Counsel undertook to try the case with no preparation on the facts other than talking on several occasions with the defendant, who was at all times confined to jail. Therefore, we are not dealing with the usual attempt to second-guess trial counsel's tactics and strategy chosen after reasonable investigation and research, but instead with judgments made in default of knowledge. No lawyer could have effectively represented defendant in this case without first investigating the state's case. Trial lawyers everywhere know that adequate investigation and preparation are crucial to an effective defense. No one, asserting his innocence as defendant did, would employ a lawyer in a capital case who made it a condition of his employment that he would make no investigation of the case before trying it. No law professor, worth his salt, would teach his students in a trial practice course that they should make no investigation of the facts before announcing ready for trial. The point is so obvious it would seem unnecessary to state it, but for emphasis we quote from the American Bar Association's Standards Relating to the Prosecution Function and the Defense Function, Part IV, Investigation and Preparation, 4.1Duty to investigate, p. 161: "It is the duty of the lawyer to conduct a prompt investigation of the circumstances of the case and explore all avenues leading to facts relevant to guilt and degree of guilt or penalty. The investigation should always include efforts to secure information in the possession of the prosecution and law enforcement authorities. The duty to investigate exists regardless of the accused's admissions or statements to the lawyer of facts constituting guilt or his stated desire to plead guilty."

These standards were prepared by a committee of experienced judges, prosecutors and trial lawyers, one member being the present Chief Justice of the United States.

Other than the proposed opinion in this case, I know of no case holding that where there was a complete failure to investigate as here, defendant nonetheless was not denied effective assistance of counsel. In Cross v. Peyton (C.C.A. 8) 392 F.2d 360, cited in the proposed opinion, where there was a comparable failurecounsel made no effort to interview witnesses or investigate, because he never did any of that until his fee was paidthe court sent the case back for a hearing in the trial court on the effective assistance of counsel issue and we do not know the ultimate outcome. The court did not affirm the judgment. In fact, the appellate court was sufficiently *121 concerned over the way counsel had apparently neglected his client that it said it might be necessary for the trial court to consider whether counsel should be disbarred. The Cross case, in my judgment, does not support affirmance of the present judgment.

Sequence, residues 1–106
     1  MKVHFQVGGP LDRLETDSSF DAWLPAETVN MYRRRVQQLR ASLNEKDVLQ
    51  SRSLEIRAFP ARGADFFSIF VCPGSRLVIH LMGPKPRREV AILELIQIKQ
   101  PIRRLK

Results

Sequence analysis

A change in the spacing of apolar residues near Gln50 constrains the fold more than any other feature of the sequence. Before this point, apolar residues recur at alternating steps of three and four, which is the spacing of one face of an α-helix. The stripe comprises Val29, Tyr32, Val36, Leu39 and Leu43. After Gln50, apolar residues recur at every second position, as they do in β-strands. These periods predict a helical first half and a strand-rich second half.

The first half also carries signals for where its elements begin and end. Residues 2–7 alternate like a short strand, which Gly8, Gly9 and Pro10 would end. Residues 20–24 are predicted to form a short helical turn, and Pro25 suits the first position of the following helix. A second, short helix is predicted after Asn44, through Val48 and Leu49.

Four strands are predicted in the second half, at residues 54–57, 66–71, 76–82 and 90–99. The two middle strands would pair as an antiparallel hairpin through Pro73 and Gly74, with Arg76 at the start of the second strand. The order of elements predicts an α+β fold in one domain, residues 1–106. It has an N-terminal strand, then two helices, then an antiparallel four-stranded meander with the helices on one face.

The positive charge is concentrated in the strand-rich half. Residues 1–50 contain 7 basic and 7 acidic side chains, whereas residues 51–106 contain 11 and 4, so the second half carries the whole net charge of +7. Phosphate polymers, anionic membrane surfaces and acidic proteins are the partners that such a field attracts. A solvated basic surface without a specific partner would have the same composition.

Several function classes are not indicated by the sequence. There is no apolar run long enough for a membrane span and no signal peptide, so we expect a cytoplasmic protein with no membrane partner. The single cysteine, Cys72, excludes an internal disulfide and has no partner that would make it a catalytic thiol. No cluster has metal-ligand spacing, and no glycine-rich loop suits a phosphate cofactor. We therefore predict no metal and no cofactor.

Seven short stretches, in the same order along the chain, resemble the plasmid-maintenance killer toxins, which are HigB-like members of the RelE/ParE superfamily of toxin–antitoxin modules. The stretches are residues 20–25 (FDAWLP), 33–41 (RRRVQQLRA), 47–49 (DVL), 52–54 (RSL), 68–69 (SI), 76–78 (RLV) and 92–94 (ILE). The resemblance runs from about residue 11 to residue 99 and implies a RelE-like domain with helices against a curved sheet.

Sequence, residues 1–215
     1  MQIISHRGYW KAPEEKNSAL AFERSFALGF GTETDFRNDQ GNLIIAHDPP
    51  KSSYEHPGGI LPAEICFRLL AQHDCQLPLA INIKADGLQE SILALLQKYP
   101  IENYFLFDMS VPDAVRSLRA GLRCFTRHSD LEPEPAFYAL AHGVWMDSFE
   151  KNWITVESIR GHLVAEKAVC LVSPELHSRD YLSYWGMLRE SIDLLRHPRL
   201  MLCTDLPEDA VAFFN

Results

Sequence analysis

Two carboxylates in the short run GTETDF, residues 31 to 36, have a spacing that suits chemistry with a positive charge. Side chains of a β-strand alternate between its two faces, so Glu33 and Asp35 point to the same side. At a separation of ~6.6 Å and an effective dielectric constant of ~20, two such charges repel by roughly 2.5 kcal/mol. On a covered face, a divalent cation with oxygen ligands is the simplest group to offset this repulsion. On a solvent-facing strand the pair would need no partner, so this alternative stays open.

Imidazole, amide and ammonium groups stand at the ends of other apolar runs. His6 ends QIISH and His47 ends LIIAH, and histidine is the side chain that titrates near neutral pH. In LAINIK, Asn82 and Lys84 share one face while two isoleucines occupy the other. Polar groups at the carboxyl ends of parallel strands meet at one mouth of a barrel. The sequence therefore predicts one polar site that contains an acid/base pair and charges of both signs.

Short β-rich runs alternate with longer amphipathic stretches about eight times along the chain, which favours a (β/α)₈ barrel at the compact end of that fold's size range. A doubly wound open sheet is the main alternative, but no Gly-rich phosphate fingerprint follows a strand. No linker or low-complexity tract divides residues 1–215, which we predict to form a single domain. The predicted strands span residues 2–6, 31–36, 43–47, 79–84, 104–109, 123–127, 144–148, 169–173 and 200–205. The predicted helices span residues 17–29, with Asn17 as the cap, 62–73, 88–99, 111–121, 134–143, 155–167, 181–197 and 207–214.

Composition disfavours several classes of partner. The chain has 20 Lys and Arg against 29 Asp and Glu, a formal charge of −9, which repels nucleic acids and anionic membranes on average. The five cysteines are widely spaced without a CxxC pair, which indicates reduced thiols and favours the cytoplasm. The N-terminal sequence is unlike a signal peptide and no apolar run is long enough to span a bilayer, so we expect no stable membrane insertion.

For other illustrations of ineffective assistance of counsel cases bottomed all or in part on failure to investigate, see United States ex rel. Green v. Rundle (C.C.A. 3) 434 F.2d 1112 (where counsel did not take time to investigate thoroughly employment records which might have corroborated defendant's alibi); Coles v. Peyton (C.C.A. 4) 389 F.2d 224, 226 (no investigation, among other factors, the court stating: "* * * Counsel must conduct appropriate investigations, both factual and legal, to determine if matters of defense can be developed, and to allow himself enough time for reflection and preparation for trial * * *"); Brubaker v. Dickson (C.C.A. 9) 310 F.2d 30 (failure by default of knowledge of what reasonable inquiry would have produced); Fields v. Peyton (C.C.A.4) 375 F.2d 624 (guilty plea after short consultation with appointed counsel at rear of the courtroom); Thomas v. State (Ind.) 242 N.E.2d 919 (inadequate investigation); Hillman v. State, 234 Ind. 27, 123 N.E.2d 180 (defendant's lawyer interviewed no witnesses); Abraham v. State, 228 Ind. 179, 91 N.E.2d 358 (no consultation prior to trial and no investigation); State v. Osgood, 266 Minn. 315, 123 N.W.2d 593 (defendant's lawyer conferred with him once immediately before the trial); McKenzie v. State, 233 Miss. 216, 101 So. 2d 651 (defendant tried without prior consultations with appointed counsel).

The earliest case about the indigent defendant being entitled to effective representation is, of course, Powell v. Alabama, 287 U.S. 45, 57-58, 53 S. Ct. 55, 59-60, 77 L. Ed. 158. Here, as there, "* * * during perhaps the most critical period of the proceedings * * * when consultation, thorough-going investigation and preparation were vitally important, the defendants did not have the aid of counsel in any real sense, although they were as much entitled to such aid during that period as at the trial itself."

* * * * * *